using sandbag or pack. Warning. The Spotter fastens the shot-group transparency to the BZO target such that the zero lines of the transparency line up with the zero lines of the BZO target and the marked shot group circle is low and to the left of the target. Left / Right adjustments during dry fire are the opposite of live fire: Clockwise turns move the beam right. and Adjuster. Do not look at the IR beam. 4. The Shooter attaches the boresight filter to the PAQ-4C and sets the adjuster knobs to their neutral positions. The Spotter observes the impact of the infrared beam. counter-clockwise turns move the beam left. the Shooter aims at the center of the BZO target using the iron sights and then activates the PAQ-4C beam. Repeat this process until the infrared beam impacts in the center of the circle on the prepared shot-group transparency. See How to Prepare for PAQ-4C Boresighting. the PAQ-4C can be removed from the M-16A2 and then put back on without losing the boresight. Dry-fire boresight procedure The Spotter sets a modified 30m BZO target 30 meters downrange. It is recommended that a dry-fire boresight be conducted . The Adjuster listens to the calls from the Spotter and makes the appropriate adjustments while the Shooter maintains his position. Required personnel. Tape or stapler Pack or sandbag 30m range 3. Spotter. How to Live-Fire Boresight PAQ-4C to M-16A2 1. All wear NVGs. counter-clockwise turns move the beam up.5) cm to the left and (3. Notes This procedure generates a 300m boresight. and calls adjustments until the beam impacts on the mark (2.5) cm below the center of the BZO target. Up / Down adjustments during dry fire are the oppostite of live fire: Clockwise turns move the beam down.Prepared shot-group transparency. do not reset the adjusters. From a supported-prone position. Once boresighted. You must reboresight if you remove the mounting rail. Three: Shooter. Once boresight adjustments have been made.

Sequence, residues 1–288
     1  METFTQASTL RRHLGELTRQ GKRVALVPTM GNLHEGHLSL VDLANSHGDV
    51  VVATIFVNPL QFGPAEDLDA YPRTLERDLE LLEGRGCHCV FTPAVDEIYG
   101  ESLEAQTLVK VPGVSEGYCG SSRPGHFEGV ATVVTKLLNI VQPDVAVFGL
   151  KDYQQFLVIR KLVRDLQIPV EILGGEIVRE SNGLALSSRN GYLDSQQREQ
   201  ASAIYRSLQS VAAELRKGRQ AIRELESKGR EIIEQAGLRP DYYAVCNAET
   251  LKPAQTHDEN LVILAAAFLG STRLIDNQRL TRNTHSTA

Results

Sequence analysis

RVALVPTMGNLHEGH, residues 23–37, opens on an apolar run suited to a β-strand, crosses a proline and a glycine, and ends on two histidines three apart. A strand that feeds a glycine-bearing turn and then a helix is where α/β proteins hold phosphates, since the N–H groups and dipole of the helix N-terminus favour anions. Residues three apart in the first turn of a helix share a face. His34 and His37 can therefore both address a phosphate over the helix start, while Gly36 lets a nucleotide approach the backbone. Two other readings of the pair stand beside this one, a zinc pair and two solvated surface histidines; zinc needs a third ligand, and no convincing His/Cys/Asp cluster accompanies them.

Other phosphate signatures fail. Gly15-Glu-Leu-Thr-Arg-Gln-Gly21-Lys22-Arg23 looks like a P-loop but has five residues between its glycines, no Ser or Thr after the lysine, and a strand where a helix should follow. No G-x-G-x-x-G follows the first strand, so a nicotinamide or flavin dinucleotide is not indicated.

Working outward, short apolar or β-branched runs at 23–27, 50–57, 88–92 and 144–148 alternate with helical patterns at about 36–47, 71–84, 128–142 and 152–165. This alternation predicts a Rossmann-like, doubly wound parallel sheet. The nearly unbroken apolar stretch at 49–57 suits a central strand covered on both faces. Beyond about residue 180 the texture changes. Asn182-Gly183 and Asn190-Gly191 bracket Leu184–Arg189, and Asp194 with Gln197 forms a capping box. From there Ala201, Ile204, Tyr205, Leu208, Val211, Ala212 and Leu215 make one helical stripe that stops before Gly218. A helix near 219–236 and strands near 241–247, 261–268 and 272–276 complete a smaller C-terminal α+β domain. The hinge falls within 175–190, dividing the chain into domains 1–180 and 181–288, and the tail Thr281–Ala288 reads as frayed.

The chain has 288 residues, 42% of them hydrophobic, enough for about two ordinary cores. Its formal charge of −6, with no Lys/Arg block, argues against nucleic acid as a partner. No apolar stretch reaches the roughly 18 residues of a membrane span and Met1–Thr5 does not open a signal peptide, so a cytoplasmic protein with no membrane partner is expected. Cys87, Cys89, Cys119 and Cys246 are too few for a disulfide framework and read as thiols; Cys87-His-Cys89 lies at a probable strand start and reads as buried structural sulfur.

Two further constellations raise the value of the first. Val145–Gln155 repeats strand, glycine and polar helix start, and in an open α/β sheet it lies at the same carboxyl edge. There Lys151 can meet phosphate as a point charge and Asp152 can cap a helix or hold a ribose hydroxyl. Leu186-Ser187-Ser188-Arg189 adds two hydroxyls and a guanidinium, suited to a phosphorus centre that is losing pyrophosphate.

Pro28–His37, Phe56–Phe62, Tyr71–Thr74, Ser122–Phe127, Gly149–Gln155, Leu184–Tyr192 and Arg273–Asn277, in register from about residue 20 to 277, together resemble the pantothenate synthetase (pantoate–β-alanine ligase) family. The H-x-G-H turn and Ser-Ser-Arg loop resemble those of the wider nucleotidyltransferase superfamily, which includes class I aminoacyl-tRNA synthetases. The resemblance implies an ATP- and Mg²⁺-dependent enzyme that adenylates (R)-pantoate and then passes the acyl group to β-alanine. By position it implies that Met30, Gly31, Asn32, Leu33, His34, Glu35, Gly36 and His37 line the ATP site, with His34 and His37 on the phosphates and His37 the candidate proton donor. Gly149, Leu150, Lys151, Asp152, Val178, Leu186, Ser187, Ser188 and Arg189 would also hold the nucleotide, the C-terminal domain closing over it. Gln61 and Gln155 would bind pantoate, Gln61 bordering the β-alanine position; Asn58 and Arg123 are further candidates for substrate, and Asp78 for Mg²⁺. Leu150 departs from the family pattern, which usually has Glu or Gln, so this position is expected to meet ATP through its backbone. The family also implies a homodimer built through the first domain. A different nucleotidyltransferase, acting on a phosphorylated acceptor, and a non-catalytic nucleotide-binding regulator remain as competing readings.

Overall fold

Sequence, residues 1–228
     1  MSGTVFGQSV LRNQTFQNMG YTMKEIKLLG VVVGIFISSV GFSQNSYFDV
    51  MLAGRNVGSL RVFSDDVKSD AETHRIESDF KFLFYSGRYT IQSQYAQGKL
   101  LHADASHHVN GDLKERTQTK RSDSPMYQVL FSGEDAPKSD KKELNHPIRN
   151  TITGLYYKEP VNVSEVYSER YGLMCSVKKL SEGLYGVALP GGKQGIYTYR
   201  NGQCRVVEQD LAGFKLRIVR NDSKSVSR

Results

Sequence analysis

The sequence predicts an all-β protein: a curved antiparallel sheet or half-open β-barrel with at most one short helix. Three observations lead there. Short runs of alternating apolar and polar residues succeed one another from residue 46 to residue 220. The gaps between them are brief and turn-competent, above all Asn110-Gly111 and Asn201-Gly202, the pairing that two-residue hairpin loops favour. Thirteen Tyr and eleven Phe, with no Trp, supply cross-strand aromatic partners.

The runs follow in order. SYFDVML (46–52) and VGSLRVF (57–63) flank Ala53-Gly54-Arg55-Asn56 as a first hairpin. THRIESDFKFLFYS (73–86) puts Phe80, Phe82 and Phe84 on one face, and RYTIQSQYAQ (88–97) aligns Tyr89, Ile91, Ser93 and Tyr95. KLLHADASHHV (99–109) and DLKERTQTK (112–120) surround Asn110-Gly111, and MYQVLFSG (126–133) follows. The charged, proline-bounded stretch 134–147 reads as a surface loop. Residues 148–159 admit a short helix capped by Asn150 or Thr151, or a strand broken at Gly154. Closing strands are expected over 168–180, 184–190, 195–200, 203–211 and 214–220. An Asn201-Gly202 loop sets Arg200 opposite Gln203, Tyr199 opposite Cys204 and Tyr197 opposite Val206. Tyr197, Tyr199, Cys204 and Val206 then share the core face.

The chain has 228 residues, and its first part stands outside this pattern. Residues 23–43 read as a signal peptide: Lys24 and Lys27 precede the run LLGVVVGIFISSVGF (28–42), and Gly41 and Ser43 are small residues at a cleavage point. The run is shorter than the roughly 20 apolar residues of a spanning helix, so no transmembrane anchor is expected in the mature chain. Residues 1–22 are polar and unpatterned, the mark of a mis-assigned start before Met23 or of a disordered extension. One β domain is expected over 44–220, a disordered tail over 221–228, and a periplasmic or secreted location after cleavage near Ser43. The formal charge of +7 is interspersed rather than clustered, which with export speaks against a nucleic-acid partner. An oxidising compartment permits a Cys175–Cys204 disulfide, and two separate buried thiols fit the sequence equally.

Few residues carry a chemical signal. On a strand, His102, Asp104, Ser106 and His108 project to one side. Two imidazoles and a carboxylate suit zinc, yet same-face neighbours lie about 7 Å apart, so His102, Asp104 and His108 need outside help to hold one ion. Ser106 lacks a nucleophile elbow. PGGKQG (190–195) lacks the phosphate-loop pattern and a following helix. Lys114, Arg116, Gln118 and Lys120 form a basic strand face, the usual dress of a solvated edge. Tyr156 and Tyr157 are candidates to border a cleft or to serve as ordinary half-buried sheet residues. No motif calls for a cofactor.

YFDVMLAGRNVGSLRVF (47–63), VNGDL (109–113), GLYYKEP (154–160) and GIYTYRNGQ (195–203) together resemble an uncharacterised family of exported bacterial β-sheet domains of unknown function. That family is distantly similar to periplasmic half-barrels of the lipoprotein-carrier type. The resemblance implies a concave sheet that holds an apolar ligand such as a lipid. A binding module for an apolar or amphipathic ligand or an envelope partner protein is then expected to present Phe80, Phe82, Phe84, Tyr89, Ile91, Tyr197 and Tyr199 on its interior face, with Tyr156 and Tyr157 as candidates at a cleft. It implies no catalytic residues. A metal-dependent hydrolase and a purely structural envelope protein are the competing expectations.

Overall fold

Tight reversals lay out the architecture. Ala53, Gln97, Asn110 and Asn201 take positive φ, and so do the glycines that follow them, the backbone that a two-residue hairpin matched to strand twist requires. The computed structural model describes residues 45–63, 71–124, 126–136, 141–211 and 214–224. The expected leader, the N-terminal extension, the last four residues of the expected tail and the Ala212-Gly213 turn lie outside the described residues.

Live-fire boresight procedure The Spotter sets a modified 30m BZO target 30 meters downrange. He then calls back adjustments to move the shot group into the marked circle. The muzzle of the weapon is elevated. The Adjuster makes adjustments to the PAQ-4C while the Shooter maintains his position. The Shooter fires a 3-shot group. Using tracer rounds simplifies the live-fire boresight procedure. He writes these adjustments in the upper left-hand corner of the target. .prior to the live-fire procedure. See How to Prepare for PAQ-4C Boresighting. The Spotter goes down range and lines up the shot-group transparency with center of target. See How to Prepare for PAQ-4C Boresighting. A flashlight can be used if the target is difficult to see. using sandbag or pack. the Shooter activates the PAQ-4C beam. Required Personnel. M-16A2 with PAQ-4C mount PAQ-4C with accessories NVGs Prepared shot-group transparency. such that the marked shot-group circle is high and to the right of the target. Do not reset adjuster knobs if dry-fire boresight was previously done. See PAQ-4C TTP. From a supported-prone position. Required gear Modified 30m BZO target. and places it on the center of the BZO target. 2. Three: Shooter. and Adjuster. The Shooter attaches the boresight filter to the PAQ-4C and sets the adjuster knobs to their neutral positions. Spotter. The shooter will face difficulty acquiring the target due to a phenomenon known as blooming. 4. (14) rounds of ammunition Tape or stapler Mechanical pencil Pack or sandbag Flashlight 30m live-fire range 3. All wear NVGs.